Olivia Harvey
February 06, 2018 2:49 pm
Getty Images / ARIS MESSINIS / AFP

The 2018 PyeongChang Winter Olympics begin Friday, February 9th. From then until February 25th, we’ll see the world’s most skilled athletes compete in 15 disciplines amongst 13 South Korean venues. CNN reports that 102 medals will be given out to the champs, and viewers in all United States time zones will have access to live coverage of the Games.

Needless to say, our modern Olympics have certainly grown larger than the Ancient Greek Olympians could ever fathom. When the Games first began around 3,000 years ago, they lasted for over a month as part of a religious festival dedicated to Zeus.

The first record historians have from the ancient Olympics dates back to 776 B.C., although it’s believed that the Games were held for years before then. The Greeks held their athletic event every four years, from August 6th to September 19th, from the 8th century B.C. to the 4th century A.D. Historians know there was only one event at the original Games — a 192-meter foot race located in Olympia.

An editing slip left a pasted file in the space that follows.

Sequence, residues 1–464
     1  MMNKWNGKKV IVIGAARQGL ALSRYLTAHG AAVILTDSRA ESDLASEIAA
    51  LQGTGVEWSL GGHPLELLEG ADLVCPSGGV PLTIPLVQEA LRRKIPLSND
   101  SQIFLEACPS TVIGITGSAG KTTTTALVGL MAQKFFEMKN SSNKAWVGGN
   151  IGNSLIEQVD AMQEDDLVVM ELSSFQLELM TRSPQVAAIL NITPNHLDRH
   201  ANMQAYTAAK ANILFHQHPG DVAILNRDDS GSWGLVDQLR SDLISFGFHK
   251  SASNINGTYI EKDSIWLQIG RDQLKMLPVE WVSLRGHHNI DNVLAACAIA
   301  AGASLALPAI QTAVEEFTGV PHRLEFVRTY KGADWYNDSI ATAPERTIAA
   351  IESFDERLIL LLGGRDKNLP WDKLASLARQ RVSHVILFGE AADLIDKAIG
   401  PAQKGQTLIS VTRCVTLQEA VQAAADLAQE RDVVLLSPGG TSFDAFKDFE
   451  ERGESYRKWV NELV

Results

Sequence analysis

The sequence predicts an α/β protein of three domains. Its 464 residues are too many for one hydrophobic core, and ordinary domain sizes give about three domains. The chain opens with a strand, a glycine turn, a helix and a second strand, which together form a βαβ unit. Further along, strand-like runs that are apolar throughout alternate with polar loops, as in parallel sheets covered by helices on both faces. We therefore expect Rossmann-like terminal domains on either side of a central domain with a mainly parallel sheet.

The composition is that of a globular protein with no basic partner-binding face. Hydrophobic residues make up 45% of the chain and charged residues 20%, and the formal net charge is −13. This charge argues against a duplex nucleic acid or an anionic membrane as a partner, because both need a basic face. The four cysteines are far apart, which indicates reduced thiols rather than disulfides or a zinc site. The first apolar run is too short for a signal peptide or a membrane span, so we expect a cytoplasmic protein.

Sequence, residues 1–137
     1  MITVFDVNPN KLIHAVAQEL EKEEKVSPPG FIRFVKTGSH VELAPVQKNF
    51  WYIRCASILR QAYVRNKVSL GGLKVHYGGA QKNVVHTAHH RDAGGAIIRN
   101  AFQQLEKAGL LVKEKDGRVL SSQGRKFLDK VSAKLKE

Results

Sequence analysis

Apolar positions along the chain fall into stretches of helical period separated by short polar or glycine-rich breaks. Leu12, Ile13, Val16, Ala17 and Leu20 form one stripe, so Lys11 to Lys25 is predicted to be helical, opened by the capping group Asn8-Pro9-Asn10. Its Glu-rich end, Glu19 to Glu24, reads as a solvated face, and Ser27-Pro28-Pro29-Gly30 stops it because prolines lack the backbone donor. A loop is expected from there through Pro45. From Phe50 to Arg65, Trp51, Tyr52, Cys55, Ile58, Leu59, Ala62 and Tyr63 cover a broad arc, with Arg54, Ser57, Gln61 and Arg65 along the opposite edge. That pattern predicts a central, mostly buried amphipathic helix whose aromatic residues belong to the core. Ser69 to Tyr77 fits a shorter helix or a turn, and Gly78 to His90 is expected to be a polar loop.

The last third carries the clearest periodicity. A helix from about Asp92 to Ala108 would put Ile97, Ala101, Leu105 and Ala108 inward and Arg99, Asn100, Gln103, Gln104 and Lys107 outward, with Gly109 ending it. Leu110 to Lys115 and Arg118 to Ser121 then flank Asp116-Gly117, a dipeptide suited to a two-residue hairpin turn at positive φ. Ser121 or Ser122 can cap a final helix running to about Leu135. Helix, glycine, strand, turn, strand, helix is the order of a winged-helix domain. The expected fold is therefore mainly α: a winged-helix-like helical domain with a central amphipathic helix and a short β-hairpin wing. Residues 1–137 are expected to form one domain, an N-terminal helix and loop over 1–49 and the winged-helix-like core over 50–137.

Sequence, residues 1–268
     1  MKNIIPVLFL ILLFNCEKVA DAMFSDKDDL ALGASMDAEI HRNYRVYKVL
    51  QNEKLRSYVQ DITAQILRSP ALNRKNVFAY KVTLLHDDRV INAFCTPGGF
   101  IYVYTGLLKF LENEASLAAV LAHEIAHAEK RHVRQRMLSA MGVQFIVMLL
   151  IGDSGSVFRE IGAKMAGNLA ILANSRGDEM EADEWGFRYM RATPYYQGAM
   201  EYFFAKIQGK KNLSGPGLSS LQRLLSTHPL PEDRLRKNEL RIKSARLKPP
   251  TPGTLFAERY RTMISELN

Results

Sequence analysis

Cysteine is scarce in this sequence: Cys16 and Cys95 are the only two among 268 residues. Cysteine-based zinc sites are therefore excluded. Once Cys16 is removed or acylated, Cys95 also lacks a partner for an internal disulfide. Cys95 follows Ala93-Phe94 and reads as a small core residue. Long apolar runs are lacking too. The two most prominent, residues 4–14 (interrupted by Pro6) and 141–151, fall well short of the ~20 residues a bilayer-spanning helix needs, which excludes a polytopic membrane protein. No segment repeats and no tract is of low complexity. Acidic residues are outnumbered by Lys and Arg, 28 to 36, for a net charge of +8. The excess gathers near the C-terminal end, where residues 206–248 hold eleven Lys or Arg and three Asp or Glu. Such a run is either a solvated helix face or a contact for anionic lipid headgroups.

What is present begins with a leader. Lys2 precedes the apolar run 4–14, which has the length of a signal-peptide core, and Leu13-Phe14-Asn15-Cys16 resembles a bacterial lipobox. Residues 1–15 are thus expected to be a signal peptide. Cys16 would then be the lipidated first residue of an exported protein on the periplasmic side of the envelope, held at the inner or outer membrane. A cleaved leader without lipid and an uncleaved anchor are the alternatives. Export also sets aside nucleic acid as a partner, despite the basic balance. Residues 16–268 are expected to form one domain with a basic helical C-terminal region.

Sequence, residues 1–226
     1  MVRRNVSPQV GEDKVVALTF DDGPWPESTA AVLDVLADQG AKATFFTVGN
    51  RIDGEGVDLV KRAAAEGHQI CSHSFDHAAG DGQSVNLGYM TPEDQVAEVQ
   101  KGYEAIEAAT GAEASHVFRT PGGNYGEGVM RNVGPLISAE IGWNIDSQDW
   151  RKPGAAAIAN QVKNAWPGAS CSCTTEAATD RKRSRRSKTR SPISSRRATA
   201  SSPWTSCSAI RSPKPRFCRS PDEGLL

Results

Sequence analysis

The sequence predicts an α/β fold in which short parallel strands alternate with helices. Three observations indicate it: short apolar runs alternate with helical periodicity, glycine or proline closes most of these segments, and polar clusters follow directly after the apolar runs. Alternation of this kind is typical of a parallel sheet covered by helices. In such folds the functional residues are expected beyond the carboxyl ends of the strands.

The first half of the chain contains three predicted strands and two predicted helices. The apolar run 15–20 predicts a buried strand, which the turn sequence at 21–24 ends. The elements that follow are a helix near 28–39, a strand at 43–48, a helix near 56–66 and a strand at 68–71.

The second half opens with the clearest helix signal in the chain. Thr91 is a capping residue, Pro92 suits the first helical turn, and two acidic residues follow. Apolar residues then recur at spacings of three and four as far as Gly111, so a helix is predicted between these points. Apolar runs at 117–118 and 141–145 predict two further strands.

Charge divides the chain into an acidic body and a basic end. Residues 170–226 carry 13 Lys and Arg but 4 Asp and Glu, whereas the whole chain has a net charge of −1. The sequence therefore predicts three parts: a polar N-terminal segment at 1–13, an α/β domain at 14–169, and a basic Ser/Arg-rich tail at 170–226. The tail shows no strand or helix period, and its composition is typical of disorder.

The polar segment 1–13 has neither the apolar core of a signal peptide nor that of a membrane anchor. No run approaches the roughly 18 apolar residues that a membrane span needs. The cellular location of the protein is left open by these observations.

The Olympics grew and gained popularity in the first 10 centuries of their existence. Ancient Greeks eventually introduced additional events like the diaulos and the dolichos foot races, along with the pentathlon, a series of five events including a foot race, a long jump, discus and javelin throws, and a wrestling match. In the 7th century, boxing and chariot racing were added to the Games as well.

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But when the Roman Empire conquered Greece in the 2nd century B.C., the Olympics suffered a blow. Popularity and credibility declined. History.com notes an example from the fall: in A.D. 67, Emperor Nero entered the Olympic chariot race. Although he fell from his chariot, Nero still declared himself the victor.

In A.D. 393, Christian Emperor Theodosius I outlawed all pagan festivals and celebrations, therefore officially bringing an end to the Olympics after their 12-century run.

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It wasn’t until 1,500 years later in France that the Olympics made a comeback. Baron Pierre de Coubertin founded the International Olympic Committee (IOC) and in 1896, the first modern Olympics were held in Athens, Greece.

The Olympic Games have traveled a long road to be where they stand today. As they were 3,000 years ago, the Olympics are still the most revered sporting competition among modern athletes and spectators today.